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Domestic violence discussion

Domestic violence is a complex problem that affects a significant number of people in our community. We all have a role to play - domestic violence is everybody’s business.


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In 2015 alone there were more than 8,000 reported occasions of domestic violence in South Australia.

Victims of domestic violence access government and non-government services, they go to work and they come from a variety of backgrounds. Data tells us that victims of domestic violence are predominantly women and their children. 

The Government of South Australia recognises gender inequality as a root cause of domestic violence. It is also recognised that Aboriginal women and girls are more likely to be victims of domestic violence than other women and girls in Australia.

Every member of our community can play a role in changing attitudes and breaking down the gender norms and stereotypes that lead to gender-based violence. 


Discussion paper

The Government of South Australia's  'Domestic Violence Discussion Paper' was open for consultation until 4 September 2016. The paper shone a light on the extent of domestic violence in our state and encouraged the community to provide its views on this important issue.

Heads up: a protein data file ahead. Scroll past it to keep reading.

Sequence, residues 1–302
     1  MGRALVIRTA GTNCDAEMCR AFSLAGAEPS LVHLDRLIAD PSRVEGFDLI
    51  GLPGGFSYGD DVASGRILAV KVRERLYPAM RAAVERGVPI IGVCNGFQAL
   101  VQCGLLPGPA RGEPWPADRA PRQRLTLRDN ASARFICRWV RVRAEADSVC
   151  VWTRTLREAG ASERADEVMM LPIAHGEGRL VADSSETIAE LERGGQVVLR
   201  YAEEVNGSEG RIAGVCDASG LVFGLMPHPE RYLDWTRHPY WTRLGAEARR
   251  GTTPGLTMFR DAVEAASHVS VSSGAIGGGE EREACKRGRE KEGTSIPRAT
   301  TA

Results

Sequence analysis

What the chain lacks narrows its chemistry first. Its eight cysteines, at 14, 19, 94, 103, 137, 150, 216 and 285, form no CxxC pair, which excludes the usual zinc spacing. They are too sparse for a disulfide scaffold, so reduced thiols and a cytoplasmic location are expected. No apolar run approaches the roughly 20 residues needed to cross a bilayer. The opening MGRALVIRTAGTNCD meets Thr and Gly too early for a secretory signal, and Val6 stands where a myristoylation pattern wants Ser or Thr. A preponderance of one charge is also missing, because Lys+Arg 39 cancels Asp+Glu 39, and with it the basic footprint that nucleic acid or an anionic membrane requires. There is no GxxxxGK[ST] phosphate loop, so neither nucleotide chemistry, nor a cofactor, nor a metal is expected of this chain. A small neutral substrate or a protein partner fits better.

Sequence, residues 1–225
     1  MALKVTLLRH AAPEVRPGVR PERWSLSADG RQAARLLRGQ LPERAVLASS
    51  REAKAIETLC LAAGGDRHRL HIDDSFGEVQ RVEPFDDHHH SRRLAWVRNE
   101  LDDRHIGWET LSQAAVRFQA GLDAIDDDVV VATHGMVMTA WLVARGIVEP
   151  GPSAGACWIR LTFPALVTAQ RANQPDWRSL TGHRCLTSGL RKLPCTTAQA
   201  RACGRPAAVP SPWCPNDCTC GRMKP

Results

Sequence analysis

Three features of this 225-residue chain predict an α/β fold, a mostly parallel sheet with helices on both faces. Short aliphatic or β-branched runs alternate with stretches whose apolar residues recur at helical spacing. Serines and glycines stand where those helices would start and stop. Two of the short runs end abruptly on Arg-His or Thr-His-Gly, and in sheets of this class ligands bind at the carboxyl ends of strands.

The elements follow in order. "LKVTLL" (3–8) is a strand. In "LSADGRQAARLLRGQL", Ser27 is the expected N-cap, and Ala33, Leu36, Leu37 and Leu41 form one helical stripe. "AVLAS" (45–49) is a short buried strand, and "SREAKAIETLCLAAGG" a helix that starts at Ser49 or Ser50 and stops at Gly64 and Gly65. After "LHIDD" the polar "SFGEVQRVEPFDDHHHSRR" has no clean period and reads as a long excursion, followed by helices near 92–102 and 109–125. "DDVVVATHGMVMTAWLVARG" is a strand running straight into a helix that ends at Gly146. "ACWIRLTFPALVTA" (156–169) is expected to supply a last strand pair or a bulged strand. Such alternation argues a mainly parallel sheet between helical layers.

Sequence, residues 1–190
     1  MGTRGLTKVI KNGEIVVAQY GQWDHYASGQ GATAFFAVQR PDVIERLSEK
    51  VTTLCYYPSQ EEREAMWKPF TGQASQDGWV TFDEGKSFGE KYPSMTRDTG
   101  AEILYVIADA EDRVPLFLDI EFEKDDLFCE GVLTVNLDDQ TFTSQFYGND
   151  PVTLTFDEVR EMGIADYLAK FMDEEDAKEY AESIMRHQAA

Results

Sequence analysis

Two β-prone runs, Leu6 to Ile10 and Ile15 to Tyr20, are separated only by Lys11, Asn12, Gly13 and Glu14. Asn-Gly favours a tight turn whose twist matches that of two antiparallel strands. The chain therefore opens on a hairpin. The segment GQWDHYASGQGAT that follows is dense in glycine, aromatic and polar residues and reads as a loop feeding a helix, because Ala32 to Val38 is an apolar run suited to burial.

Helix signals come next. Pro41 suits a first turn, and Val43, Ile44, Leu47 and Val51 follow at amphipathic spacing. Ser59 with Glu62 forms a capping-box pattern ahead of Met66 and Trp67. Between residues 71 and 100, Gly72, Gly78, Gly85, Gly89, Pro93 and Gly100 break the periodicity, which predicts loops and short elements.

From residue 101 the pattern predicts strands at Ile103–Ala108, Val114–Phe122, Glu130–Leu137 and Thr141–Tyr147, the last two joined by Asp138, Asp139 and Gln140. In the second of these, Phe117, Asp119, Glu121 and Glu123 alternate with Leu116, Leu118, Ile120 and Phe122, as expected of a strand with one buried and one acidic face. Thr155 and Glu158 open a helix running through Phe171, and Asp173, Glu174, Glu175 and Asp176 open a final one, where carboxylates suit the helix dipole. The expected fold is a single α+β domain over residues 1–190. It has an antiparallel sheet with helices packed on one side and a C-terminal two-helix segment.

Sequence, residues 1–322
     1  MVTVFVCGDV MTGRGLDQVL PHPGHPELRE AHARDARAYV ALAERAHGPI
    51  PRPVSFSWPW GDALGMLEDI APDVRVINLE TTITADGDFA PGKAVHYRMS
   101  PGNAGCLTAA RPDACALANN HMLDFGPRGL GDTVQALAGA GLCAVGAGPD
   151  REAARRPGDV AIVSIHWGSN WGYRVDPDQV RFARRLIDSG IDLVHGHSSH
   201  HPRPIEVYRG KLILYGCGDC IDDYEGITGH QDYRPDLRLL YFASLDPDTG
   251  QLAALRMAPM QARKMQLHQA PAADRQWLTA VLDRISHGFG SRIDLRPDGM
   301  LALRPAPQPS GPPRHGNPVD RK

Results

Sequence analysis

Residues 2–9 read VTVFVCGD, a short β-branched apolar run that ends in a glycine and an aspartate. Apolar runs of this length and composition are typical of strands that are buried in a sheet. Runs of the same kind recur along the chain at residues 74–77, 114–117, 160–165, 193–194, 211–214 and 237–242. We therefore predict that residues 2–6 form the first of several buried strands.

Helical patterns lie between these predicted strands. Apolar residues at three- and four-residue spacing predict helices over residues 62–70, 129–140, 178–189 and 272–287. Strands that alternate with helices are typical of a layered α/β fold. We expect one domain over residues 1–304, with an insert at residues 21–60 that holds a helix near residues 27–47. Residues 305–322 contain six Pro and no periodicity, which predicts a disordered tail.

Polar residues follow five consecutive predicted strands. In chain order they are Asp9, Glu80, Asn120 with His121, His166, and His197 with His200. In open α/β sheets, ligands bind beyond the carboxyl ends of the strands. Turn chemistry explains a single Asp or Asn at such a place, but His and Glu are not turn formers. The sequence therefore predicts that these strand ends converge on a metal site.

8 topics for community consideration and discussion were introduced, including potential changes to the way domestic violence is handled:

  1. Domestic violence disclosure scheme
    Who should be able to find out about someone’s history of domestic violence offending? How should this scheme work?
     
  2.  Expiry dates on intervention orders
    Should intervention orders (previously restraining orders) be able to expire?
     
  3. Comprehensive collection of data 
    What is the best way to ensure that accurate data relating to domestic violence is collected? 
     
  4. Allowing video evidence 
    Should police video recordings from incidents be admissible as evidence at trial?
     
  5. Confidentiality 
    Should changes be made to improve the confidentiality in court of medical and counselling records? 
     
  6. Drug and alcohol treatment
    Should the courts send domestic violence offenders to be assessed for drug and alcohol problems?
     
  7. Housing and homelessness service priorities
    How can we best assist victims of domestic violence who are facing homelessness?  
     
  8. Fostering supportive environments
    How can we assist domestic violence victims to seek support in the workplace and other environments?

Data

You can explore the data from the discussion paper through an interactive online data visualisation tool.